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Attraction

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					Attraction
Liking, Loving, and sometimes No Longer Loving Others

Where does attraction begin?
• Why do people become attracted to each other? Four main areas have been investigated:
– – – – Proximity Physical attractiveness Similarity Being liked

Proximity
• Proximity is better thought of as functional distance or propinquity.
– Functional distance strongly predicts liking.

• Anticipation of interaction
– Just expecting to interact with someone leads us to like them more. – In essence, we are setting the environment for behavioral confirmation. If we expect to like someone, the interaction should go more smoothly.

Mere Exposure
• Very simply, the more we see something the more we like it (as long as exposure is not incessant – effect tops out between 10-20 exposures). • Examples abound
– Zajonc’s research on nonsense syllables (further he demonstrated that we don’t need to be consciously aware of exposure – in fact, effects are stronger!). – Photograph vs. mirror image preferences. – Black bag man at Oregon St.

Physical Attractiveness
• As much as we deny it, we are swayed by how people look. • Hatfield and Berscheid have both done research that indicates that the more attractive a female is, the more likely she is to date.
– The effect is slightly less strong for males.

• Matching phenomenon
– Couples (even friends) tend to be relatively equal in attractiveness. – When not true, less attractive partner usually compensates on some other factor (e.g., very wealthy older men marrying beautiful young women).

The Physical Attractiveness Stereotype
• “That which is beautiful, is good.” • People within a culture, assume that attractive people have the traits that are valued by that culture. • Adults and children are biased toward attractive people. Heck - even infants stare at attractive people longer than unattractive people! • Lessons begin early – how many ugly heroes are there in children’s tales vs. the number of ugly villians?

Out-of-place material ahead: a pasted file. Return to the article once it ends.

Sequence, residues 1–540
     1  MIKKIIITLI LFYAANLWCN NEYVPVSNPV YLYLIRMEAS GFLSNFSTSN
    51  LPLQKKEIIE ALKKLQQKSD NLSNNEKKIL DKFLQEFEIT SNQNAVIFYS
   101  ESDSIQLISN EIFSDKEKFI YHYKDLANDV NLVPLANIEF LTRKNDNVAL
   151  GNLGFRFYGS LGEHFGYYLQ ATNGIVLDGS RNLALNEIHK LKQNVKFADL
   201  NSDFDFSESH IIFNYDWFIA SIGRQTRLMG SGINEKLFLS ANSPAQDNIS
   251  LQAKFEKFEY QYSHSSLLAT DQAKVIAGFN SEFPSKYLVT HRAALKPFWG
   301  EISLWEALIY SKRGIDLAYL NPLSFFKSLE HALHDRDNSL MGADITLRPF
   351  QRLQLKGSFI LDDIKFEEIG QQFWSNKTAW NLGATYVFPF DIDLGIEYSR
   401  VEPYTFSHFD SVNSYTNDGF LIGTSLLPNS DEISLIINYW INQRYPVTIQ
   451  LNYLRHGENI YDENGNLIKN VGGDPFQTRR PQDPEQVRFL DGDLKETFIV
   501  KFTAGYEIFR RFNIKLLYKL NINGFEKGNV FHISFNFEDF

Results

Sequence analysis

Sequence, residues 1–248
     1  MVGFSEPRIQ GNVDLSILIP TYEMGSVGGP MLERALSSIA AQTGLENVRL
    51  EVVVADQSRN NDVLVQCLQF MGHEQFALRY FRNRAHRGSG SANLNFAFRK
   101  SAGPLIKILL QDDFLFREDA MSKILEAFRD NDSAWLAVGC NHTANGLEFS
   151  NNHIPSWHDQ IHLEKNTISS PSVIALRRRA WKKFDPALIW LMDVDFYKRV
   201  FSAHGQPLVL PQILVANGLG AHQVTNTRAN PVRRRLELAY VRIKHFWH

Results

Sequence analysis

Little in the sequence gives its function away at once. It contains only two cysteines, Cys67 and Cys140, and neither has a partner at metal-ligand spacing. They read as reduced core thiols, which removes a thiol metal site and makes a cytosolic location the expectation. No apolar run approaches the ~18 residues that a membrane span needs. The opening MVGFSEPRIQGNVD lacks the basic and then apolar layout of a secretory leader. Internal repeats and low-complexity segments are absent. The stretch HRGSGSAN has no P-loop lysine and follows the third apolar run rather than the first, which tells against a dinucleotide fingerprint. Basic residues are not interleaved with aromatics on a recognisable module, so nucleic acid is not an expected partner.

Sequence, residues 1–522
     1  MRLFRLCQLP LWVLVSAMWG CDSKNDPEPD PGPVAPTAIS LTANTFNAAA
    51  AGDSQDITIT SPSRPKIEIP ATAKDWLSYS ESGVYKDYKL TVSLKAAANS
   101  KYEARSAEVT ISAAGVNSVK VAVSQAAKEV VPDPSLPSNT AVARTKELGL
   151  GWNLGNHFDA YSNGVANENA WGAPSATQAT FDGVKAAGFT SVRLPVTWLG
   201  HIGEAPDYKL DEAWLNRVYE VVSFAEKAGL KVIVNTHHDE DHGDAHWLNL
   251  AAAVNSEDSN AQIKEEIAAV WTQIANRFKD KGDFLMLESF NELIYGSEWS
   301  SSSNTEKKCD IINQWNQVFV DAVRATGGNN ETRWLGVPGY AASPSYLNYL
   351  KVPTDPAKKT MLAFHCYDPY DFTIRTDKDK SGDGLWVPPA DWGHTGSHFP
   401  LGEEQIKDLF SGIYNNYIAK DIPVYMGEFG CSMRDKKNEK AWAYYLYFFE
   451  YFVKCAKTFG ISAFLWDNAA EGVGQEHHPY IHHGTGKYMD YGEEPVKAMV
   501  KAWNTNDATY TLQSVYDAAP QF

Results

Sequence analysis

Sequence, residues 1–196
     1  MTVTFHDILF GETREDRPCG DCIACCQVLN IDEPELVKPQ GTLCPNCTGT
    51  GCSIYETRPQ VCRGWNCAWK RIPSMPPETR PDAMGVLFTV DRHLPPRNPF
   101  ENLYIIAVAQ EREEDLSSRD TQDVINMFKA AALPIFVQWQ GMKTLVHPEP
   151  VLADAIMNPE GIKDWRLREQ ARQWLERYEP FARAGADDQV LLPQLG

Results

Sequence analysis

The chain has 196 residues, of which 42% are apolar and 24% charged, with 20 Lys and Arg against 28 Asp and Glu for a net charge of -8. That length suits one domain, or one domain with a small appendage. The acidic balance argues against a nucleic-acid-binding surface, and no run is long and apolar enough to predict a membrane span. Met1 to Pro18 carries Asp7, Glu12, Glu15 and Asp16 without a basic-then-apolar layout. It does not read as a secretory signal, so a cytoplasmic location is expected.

Impact of Beauty Stereotype
• Attractive people have better jobs and make more money. • Irene Hanson Frieze found that for each incremental improvement in attractiveness a person earns, on average, $2300 more each year. • Attractive people are perceived to be more popular and outgoing.
– This is probably reality, as they gain confidence from positive attention.

What is Beauty?
• Isn’t it in the eye of the beholder? • Symmetrical and “average” faces are seen as most attractive.
– Become more attractive when average features are exaggerated (e.g., fuller lips and larger eyes in a women).

• Sociobiological explanations
– What is beautiful in women generally indicates fertility. In men, attractive traits tend to indicate the ability to provide and protect. – Males are more upset by sexuality infidelity, females by emotional infidelity.

Is it all relative?
• Classic study indicated that men found women to be less attractive if they had just finished watching Charlie’s Angels. • Men find their spouses less attractive after viewing centerfolds or pornographic films. • True for self also, people find themselves less attractive after viewing other “more attractive” people.

Good News About Beauty
• Beauty is a two-way street. • Although we like attractive people more, we also tend to find people we like to be attractive! • The more in love we are with someone, the more attractive we view them, and the less attractive we view others of opposite sex.

Opposites Do Not Attract!
• The greater number of shared attitudes, the more likable you find the person, particularly if you like yourself!